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Medtech providing more mobility in life

Person at screen, in the background man in short trousers
Doctoral student Xiaochen Zhang's steps and movements are decoded by sensors on his body and in the floor, which can then be followed on the screen. (Photo: Magnus Glans)

Health in focus

Published Apr 09, 2024

The Promobilia MoveAbility Lab at KTH focuses on mapping the body's movements, identifying opportunities to increase mobility and different types of assistive devices.

The lab simulates, studies and analyses human mobility, the body's machinery and the advanced interaction between the brain, muscles, joints and tissues that make for example a leg bend and move forward.

This is in order to build assistive devices and find methods to strengthen the ability to move that can make life easier for people with motor disabilities. 

Two worlds meet

 “It can be about people who have had a stroke or someone with a spinal cord injury, for example, and how to find ways to strengthen the individual's ability to move,” says Lanie Gutierrez Farewik , professor of biomechanics and director of the lab.

Woman at table with technical device
Lanie Gutierrez Farewik, director of the Promobilia MoveAbility Lab at KTH Royal Institute of Technology, shows an ankle exoskeleton, a device that can provide more power in a walking movement.

She is a mechanical engineer and has a PhD in orthopedics from Karolinska Institutet and has previously worked in a children's hospital. After almost 20 years at KTH, she has managed to bring the two worlds together in the Promobilia MoveAbility Lab.

“The marriage of engineering and clinical expertise can be summarized as follows,” Gutierrez Farewik says.

In the lab, work is in full swing. It measures oxygen uptake, the brain's connections to our muscles, human movement patterns and much more. In one part of the large hall, movement patterns are studied using sensors and various cameras. On the screen behind, a graphic image appears that looks like a three-dimensional stick figure.

Interaction between nerves

It can be used to map and decode the intricate interplay between sensory, motor and brain functions. Balance, stability and movement patterns are some of the data collected and processed in different ways. How muscle function and tissues change after a brain or nerve injury is also analyzed. One example of this is the research carried out by the lab's deputy director. Ruoli Wang , Associate Professor of Biomechanics, who is the lab's expert on muscle tissue.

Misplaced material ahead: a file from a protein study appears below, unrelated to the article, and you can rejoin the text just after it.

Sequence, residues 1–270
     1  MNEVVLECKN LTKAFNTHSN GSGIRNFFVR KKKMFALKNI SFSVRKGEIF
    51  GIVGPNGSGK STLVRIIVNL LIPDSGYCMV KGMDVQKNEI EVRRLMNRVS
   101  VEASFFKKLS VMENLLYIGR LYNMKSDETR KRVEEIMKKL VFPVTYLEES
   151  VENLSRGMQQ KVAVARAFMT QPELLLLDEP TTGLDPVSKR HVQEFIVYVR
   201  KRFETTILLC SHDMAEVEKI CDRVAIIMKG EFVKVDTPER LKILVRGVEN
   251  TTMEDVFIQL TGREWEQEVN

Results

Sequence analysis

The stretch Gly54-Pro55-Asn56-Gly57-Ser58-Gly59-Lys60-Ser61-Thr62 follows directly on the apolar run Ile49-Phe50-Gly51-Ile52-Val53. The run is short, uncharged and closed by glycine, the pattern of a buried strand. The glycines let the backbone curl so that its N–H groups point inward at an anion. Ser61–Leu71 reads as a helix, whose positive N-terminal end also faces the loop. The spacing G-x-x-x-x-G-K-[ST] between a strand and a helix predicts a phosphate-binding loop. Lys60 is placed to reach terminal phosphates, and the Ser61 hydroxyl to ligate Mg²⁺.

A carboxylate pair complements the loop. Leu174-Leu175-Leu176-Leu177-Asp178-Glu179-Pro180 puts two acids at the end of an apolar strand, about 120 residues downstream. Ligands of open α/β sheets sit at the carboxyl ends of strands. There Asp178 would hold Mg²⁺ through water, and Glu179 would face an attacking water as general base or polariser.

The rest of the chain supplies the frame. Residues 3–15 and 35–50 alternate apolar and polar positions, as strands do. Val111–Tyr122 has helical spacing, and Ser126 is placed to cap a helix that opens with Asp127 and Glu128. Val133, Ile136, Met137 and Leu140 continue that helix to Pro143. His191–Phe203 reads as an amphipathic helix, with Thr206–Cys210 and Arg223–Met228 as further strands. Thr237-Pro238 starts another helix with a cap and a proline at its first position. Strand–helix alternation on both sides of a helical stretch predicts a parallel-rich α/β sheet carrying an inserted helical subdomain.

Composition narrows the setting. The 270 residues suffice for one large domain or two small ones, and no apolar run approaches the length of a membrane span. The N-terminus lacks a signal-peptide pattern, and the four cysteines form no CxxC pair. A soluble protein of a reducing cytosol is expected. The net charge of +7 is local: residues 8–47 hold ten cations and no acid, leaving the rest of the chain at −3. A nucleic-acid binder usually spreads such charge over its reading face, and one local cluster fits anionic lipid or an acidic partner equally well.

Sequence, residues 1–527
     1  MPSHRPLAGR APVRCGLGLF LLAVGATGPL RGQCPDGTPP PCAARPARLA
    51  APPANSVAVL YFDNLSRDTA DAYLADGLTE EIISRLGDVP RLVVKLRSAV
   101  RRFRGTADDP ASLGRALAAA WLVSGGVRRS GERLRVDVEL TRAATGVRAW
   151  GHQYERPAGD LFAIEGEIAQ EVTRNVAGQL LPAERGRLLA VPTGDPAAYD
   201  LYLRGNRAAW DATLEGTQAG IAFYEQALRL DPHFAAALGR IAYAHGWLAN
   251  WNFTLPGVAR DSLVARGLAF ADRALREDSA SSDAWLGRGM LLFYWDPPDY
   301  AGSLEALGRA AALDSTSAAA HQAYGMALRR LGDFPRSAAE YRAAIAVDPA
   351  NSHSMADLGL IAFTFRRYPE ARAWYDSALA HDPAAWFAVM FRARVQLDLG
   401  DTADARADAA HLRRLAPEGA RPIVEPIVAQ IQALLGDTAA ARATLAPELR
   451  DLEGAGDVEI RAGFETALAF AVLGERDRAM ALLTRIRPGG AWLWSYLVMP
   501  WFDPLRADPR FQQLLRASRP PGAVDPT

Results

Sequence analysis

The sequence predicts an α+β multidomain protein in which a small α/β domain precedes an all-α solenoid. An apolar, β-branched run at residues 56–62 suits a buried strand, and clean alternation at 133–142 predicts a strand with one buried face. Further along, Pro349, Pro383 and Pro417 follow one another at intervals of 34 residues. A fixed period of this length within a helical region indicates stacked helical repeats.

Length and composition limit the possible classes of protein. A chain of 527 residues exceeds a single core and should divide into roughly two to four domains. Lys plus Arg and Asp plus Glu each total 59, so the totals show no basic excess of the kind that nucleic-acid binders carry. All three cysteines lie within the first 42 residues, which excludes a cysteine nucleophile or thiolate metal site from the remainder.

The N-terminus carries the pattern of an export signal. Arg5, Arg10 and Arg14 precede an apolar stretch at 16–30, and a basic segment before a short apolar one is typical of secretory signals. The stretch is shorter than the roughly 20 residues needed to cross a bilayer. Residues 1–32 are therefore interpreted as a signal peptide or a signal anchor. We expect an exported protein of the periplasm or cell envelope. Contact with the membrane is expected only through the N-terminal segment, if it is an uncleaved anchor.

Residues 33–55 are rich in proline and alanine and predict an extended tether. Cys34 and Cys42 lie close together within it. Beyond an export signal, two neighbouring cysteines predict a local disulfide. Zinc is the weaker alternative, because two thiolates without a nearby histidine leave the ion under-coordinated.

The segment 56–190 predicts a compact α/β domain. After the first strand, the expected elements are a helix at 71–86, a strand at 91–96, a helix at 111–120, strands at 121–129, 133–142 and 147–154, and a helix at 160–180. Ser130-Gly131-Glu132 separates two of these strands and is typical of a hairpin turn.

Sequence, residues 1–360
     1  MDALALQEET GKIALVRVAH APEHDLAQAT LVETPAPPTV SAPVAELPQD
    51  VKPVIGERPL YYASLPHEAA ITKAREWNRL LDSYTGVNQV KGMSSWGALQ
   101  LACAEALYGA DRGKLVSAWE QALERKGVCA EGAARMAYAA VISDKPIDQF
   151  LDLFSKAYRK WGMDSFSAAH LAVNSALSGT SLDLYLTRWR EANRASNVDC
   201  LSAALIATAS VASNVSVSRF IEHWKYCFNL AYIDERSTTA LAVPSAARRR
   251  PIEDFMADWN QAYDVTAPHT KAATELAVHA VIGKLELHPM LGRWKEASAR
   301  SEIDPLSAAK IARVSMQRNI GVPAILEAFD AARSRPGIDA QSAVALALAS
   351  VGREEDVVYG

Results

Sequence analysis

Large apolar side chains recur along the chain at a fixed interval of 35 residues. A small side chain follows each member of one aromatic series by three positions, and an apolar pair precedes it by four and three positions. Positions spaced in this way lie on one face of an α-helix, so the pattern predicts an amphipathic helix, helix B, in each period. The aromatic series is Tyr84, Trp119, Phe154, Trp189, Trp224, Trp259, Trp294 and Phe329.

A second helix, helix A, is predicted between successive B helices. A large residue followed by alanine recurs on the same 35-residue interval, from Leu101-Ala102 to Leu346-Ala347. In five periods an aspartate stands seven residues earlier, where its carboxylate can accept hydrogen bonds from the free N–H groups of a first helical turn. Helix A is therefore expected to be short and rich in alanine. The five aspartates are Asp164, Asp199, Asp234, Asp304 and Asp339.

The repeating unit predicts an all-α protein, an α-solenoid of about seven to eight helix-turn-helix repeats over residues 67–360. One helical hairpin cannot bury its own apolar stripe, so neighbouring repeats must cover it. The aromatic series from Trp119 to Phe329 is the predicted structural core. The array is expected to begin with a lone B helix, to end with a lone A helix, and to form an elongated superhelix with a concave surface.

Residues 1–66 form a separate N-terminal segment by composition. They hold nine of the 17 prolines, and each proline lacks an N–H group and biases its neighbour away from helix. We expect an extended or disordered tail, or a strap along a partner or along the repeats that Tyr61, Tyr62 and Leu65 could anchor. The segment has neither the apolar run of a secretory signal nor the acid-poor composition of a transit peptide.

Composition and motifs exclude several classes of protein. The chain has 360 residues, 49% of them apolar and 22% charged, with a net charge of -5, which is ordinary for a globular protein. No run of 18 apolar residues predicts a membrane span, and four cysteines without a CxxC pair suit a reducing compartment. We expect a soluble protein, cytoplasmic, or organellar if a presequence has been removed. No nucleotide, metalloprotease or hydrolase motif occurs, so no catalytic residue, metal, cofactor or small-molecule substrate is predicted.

Two people with measuring equipment in front of a screen.
PhD students Asta Kizyte and Zhihao Duan track activity in the body's muscles.

“We work a bit differently here. As an engineer, you are quick to find smart solutions and apply them to problems, but here we start by analysing the problems and collecting data before proposing solutions based on each individual's needs, ” Gutierrez Farewik says.

During the interview, she shows an ankle exoskeleton that can help the user gain extra speed and momentum in the steps by helping weakened calf muscles.

“This can help anyone - even those who are going to hike Machu Picchu," as one of our postdocs says”.

For the future, she hopes for increased capacity to analyze the consequenses of different diseases and to develop and deliver more assistive devices for children and adults among users.

“I think we can achieve a lot here by cooperating even more closely with the healthcare sector. Our smart ideas and their good advice are a good mix,” Gutierrez Farewik says.

Text: Jill Klackenberg

Promobilia MoveAbility Lab

The biomechanics lab at the School of Engineering Sciences started in 2019 with a donation from the Promobilia Foundation under the title "Multiscale and multimodal biomechanical research for patients with motion disorders". In 2024, the Promobilia Foundation donates another SEK 38 million over five years and the lab changes its name to Promobilia MoveAbility Lab . The investment will go towards several new positions and additional lab equipment.

“We are very happy and can now continue to develop our research to the next level,” says director Lanie Gutierrez Farewik.

About motor disability

In Sweden, 16 percent of the adult population and about five percent of all children have some type of motor disability. Globally, the prevalence is increasing.

Almost half of the world's people aged 60 and over live with some form of motor disability. In developing countries, almost all children, 90 percent, with motor disabilities never attend school.

Health in focus

How can we reduce ill health, prevent disease and improve care? Regardless of age and where we live in the world, wellbeing is a fundamental issue for humanity. In a series of articles, we provide some examples of research, innovations and new ways of thinking from KTH with a focus on health.

Belongs to: About KTH
Last changed: Apr 09, 2024